The union representing social workers in Nova Scotia says workers are being overworked and facing burnout on the job.
According to the Nova Scotia Government and General Employees Union (NSGEU), child protection social workers are coping with unmanageable workloads.
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They level to information obtained by the NDP by a freedom of knowledge request that confirmed quick-time period sickness go away amongst provincial social workers has elevated by 60 per cent since 2013.
While Minister of Community Services Kelly Regan says she is listening to considerations raised by the union, she advised reporters on Friday that the staff’ wants are being met.
“We want to make sure our social workers are well supported and we believe they are,” she stated.
“According to North American standards, we’re well within those in terms of case numbers, case complexity. We always take that into account. We want to make sure that a social worker’s educational background, the complexity of the case, the number of cases, geographical issues, anything like that are taken into account.”
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NSGEU president Jason MacLean disputes Regan’s assertion.
“I believe the minister is being irresponsible by talking about our members saying she’s not worried about them,” MacLean stated “They’re crying for help and we’re trying to get their attention, saying there’s more that needs to be done for the workers.”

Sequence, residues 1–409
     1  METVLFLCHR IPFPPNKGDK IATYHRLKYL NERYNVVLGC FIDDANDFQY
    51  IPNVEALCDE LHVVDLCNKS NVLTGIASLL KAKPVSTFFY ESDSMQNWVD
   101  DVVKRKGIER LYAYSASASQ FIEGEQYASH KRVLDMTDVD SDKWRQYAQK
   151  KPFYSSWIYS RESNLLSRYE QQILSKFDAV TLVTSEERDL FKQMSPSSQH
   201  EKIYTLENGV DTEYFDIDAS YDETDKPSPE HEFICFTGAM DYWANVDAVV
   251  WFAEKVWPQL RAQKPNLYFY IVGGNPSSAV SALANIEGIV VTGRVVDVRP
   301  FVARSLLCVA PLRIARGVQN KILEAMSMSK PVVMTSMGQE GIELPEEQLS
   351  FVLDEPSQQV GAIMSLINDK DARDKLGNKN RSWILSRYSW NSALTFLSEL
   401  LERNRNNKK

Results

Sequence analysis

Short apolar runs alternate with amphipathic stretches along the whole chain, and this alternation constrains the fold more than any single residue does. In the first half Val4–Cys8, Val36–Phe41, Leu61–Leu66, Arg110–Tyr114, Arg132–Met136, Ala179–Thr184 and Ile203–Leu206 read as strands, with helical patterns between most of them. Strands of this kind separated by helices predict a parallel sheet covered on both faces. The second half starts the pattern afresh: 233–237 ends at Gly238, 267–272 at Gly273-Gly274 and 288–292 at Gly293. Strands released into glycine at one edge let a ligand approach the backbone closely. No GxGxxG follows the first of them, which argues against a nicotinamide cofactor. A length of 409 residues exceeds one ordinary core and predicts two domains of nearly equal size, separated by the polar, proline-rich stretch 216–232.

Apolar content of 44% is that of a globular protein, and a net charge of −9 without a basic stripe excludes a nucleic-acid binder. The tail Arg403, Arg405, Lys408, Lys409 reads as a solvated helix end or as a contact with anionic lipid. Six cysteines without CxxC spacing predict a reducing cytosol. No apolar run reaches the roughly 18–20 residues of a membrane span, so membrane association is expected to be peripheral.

The union says it despatched a letter to the federal government in May itemizing their considerations and provided strategies on the way to enhance the scenario, together with filling vacancies instantly and making a “float team” to maneuver from location to location to clear up caseload backlogs.
The province responded and agreed with a number of of the strategies, and Regan says the federal government is concentrated on its multi-yr course of for remodeling the division.
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“At any given time, we have about 10 per cent of our social workers off or a vacancy. So we have created a hiring pool to make sure those vacancies are filled quickly and we continue to work with the union and with staff to make sure that social workers have the support they need to do a good job for the children of Nova Scotia,” she stated.
But MacLean says members are nonetheless experiencing burnout and never sufficient is being completed to alleviate that.
“What the minister needs to do is listen to the workers. They’re the ones that are doing the work,” he stated.
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